Dave Madeiros knows well both sides of the homelessness issue.
Madeiros has been a resident of Oak Harbor since 1988 — when he first came to the city to sleep on someone’s couch.
Madeiros grew up in Hawaii and California as the youngest of 16 children. He began using drugs when he was a young man.
At that time he was living in California and came home to find that his mother sold the house and his bags waiting outside.
“She couldn’t take me anymore,” he said.
Suddenly, he was homeless.
Madeiros made his way north to Seattle, arriving there in 1988. He worked in the city for a short time and eventually came even further north to Oak Harbor to stay on a friend’s couch.
“That couch was actually very small and the house was very small – seven people, one bedroom,” he said.
He said he would walk down Taylor Road “to get away from all the craziness of a lot of people living in a bubble,” he said, and one day saw a modular home with grass as high as his waist. He heard someone at the house and found a man named Don Brouillard, who has since passed away.
After introducing himself, Brouillard told Madeiros he would pay him $5 an hour to fix up the house and let him rent it.
Madeiros said he only had $50 in his pocket at the time, but that he gave Brouillard his word that he would work on the house.
Brouillard bought all the supplies for Madeiros to use — paneling, water heater, windows —— and even let him use his truck.
“There were two and half years that I didn’t have to pay rent,” Madeiros said.
During this time, Madeiros also went into town to look for work. He found a side job doing maintenance and office work for local businesses on the weekends.
Though he had work, he still needed help to afford essentials. He went to the Help House and found other people on the island who were willing to help him.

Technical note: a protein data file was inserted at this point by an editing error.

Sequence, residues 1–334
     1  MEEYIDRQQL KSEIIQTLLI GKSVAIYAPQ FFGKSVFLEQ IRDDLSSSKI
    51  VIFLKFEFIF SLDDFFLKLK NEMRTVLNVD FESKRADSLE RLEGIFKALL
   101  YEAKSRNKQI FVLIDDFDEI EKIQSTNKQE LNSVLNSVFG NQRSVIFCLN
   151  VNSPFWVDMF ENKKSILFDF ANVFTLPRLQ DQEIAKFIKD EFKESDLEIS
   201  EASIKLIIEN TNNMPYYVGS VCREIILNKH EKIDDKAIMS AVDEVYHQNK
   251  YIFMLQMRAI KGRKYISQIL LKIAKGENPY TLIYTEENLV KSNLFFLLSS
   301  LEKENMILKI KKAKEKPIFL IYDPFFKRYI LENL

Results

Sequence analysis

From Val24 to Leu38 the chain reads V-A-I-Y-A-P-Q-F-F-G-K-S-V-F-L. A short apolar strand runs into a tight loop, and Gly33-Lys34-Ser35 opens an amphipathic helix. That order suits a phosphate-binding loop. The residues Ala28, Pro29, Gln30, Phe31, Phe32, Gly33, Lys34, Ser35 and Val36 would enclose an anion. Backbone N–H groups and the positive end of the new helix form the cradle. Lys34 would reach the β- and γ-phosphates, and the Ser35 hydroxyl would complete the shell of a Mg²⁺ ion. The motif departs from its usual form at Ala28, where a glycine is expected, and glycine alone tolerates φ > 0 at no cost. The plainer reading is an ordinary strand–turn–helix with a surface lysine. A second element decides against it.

He also remembers a woman near Deception Pass, whom he was told to call The Goat Lady, who would give him containers of milk for $1.
The turning point for Madeiros was when he decided to get sober.
“On Dec. 27, 1992, I walked into a recovery meeting in Oak Harbor, at the Knights of Columbus at that time, and that was my first day I got clean and sober.”
“I’ve been that way every since.” he said.
“I’d had enough. And when that happened, all kind of doors started opening.”
Since then, Madeiros repaired his relationship with his family, owned his own flooring business, become a homeowner, got married and led numerous mission trips and other outreach efforts with his church, Living Word.
Many of his mission trips and outreach efforts have been at home.
“You don’t have to go more than a block or two from your house really and just open your eyes and see the need here,” he said.
Madeiros and his wife, Dr. Dawn Keith-Madeiros, met long after he had been homeless.
He was honest with her about his past from the beginning.
“He’s transparent,” she said. “He’s come from nothing and now he gives back. He loves our community and he wants to feel that it’s still a safe place to bring our granddaughter, and it’s hard right now because you don’t feel safe on your own streets.”
Madeiros said there were not as many homeless people on the island during the time that he was in a similar situation.
“It was easy for me get the hand up. Now if I was homeless I don’t know what would happen,” Madeiros said.
“In our hearts we want to help people and we don’t want to seem heartless, but we don’t want see it destroy our community either … so helping someone get on their feet rather than giving them a handout – I think that’s the biggest distinction,” Keith-Madeiros added.
She suggested that more follow-up needs to be done with the homeless population – asking them what their name is, where they’re from, how they got to Oak Harbor — to create accountability and to determine the specific services that each person needs.
Both Madeiroses said that giving money to panhandlers or giving away help for free without questions is not the right way to help people.
Instead, Keith-Madeiros said, “give to an organization.”
“If you really desire to help somebody, go down to Spin Cafe and offer to make lunches,” she said.
Dave Madeiros said it’s going to take the whole community to fix the homelessness problem.
“I don’t know how to say this. But without the people of Oak Harbor helping me to help myself, I wouldn’t be here today. I would probably be dead—who knows,” he said.
He has ideas for how Oak Harbor can address the current homelessness issue, but he said that it’s going to take a community effort to fully solve the problem.
“I think it’s everybody’s issue to come up with a solution,” he said. “It’s not going to go away. God isn’t making any more land, he’s making more people.”